I've drafted Marques Colston and Lee Evans as my starting wide receivers, but I'm not convinced about their ability to produce winning numbers. I'm stacked at running back with Frank Gore, Steven Jackson, Rashard Mendenhall and Jonathan Stewart. Should I offer one of my backs and a receiver for a stud wideout? -- J. Hiew, Australia
M.F.: I would agree that you're a little unsettled at the wide receiver position. While Colston is a viable No. 1 fantasy option, I see Evans as more of a No. 3 or 4 option based on the size of the league. I would first attempt to package Mendenhall or Stewart with Evans an effort to upgrade at wideout. I don't know if that package will get you a stud in return, but it could get you someone like Roy E. Williams or Chad Ochocinco if the other owner is deep at wide receiver. I would try not to involve Gore or Jackson in the trade, though, because I'd rather not have to use Mendenhall or Stewart as a No. 2 back. If you can't pull off a deal, you might be able to land a waiver-wire sleeper once the season starts. Who knows, you could wind up with this season's Antonio Bryant if you pay close enough attention to the happenings in the fantasy world.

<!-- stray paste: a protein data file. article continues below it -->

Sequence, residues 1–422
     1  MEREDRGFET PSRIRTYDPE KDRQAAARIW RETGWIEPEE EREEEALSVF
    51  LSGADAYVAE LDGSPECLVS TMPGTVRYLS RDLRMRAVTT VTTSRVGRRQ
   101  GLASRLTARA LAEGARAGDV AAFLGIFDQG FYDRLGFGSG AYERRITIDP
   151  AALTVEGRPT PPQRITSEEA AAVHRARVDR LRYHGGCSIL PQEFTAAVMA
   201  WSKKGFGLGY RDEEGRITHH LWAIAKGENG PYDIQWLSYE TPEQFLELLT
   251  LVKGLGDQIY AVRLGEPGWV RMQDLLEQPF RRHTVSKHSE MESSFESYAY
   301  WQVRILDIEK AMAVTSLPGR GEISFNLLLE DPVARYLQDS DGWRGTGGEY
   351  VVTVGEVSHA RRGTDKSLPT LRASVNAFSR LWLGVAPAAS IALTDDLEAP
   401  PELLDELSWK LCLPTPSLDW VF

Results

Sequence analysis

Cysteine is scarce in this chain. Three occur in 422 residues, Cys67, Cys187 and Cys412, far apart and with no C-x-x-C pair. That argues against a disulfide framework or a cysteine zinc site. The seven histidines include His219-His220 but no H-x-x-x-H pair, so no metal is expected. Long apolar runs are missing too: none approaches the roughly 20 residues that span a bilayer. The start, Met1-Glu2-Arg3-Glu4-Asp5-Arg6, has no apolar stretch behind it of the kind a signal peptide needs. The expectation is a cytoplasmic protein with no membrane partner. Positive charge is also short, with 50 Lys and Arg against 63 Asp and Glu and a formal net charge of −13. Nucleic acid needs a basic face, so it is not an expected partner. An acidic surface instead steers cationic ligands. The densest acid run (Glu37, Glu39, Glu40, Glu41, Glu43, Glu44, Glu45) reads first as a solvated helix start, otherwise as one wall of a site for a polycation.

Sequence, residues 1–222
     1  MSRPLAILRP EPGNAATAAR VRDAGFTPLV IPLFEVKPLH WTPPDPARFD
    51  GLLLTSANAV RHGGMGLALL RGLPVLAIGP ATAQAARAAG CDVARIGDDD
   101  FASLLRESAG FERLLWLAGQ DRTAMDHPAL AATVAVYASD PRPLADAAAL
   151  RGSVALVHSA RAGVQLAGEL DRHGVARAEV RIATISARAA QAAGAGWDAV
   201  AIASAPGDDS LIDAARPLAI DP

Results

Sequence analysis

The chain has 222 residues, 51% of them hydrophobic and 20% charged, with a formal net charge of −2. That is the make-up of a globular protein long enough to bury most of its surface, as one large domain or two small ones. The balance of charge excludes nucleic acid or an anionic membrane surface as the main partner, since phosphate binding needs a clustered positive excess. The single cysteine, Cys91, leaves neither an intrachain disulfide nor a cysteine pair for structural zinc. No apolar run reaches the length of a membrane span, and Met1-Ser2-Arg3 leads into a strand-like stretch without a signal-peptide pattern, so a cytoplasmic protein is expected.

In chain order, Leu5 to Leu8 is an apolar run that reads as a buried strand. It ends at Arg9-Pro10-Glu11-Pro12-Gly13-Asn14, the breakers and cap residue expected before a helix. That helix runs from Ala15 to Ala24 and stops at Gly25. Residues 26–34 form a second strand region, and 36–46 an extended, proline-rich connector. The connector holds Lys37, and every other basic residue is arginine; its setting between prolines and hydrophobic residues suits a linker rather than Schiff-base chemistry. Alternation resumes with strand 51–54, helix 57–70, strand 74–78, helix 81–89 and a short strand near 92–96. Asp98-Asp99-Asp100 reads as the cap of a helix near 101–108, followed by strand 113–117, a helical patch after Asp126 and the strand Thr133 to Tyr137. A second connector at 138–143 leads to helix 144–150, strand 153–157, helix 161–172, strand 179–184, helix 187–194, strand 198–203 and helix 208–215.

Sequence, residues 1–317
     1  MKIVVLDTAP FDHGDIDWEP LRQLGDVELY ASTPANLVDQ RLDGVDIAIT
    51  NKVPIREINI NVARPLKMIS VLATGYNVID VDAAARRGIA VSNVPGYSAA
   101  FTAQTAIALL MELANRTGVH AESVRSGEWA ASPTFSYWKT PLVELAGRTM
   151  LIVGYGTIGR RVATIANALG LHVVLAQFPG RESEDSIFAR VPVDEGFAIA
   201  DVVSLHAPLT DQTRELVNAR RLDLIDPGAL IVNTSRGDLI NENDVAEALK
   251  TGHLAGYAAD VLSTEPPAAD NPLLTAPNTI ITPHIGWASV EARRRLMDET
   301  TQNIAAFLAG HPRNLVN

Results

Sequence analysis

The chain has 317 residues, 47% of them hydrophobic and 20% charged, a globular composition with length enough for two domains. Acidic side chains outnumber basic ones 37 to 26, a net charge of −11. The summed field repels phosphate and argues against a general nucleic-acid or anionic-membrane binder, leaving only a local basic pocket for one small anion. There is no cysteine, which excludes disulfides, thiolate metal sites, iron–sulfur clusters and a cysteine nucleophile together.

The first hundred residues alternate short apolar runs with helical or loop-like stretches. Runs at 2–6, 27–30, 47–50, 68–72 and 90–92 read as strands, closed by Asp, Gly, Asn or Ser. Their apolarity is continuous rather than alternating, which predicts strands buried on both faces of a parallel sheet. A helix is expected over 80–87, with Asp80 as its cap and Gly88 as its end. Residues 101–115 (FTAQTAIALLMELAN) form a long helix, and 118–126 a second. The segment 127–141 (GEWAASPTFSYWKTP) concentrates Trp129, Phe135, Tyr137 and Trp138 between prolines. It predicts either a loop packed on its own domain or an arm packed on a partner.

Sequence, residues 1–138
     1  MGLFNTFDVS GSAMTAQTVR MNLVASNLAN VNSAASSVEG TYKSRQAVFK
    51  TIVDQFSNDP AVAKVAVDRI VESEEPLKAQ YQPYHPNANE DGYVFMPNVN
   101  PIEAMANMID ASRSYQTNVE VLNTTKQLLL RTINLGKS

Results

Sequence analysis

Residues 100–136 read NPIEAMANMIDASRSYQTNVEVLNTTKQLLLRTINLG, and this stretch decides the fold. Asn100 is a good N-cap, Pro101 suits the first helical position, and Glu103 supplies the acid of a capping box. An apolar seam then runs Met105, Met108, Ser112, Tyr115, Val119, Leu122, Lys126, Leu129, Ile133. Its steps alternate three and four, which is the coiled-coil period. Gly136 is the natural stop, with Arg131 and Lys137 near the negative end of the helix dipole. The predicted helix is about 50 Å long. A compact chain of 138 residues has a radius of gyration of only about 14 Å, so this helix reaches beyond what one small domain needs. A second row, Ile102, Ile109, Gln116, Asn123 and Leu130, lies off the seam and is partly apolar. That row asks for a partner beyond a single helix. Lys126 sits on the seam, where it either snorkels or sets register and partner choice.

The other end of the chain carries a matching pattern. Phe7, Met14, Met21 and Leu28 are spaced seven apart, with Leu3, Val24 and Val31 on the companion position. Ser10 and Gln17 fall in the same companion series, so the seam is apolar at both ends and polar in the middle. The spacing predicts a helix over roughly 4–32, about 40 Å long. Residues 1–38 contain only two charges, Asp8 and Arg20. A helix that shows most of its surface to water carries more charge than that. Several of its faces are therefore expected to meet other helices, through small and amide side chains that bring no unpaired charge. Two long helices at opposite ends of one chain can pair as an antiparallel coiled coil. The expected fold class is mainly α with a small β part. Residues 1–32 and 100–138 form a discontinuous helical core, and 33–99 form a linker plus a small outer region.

I'm in a 12-team keeper league with a great set of running backs (Steven Jackson, Maurice Jones-Drew, Brian Westbrook). However, my receiving core is not the greatest. Do you think Anthony Gonzalez and Donnie Avery will be reliable No. 2 and 3 wide receivers alongside Calvin Johnson? -- C. Virk, Canada
M.F.: I would prefer to have Gonzalez as a No. 3 fantasy wideout and Avery as a No. 4. Gonzalez could become a viable second option now that he's in a prominent role with the Colts. As I mentioned earlier in the mailbag, I could see Gonzalez finishing the season with around 1,000 yards and five to seven touchdowns. My draft strategies include securing at least two stud wide receivers in the first four to five rounds. That keeps me from having to scramble in the later rounds for a wideout like Avery, who has potential but is no lock to post consistently good numbers. While Avery does have sleeper potential, the Rams pass attack hasn't been effective since the days of Torry Holt and Isaac Bruce. You might want to package either Jackson or Westbrook (don't trade Jones-Drew) and Avery and attempt to trade for another stud wideout to pair with Johnson.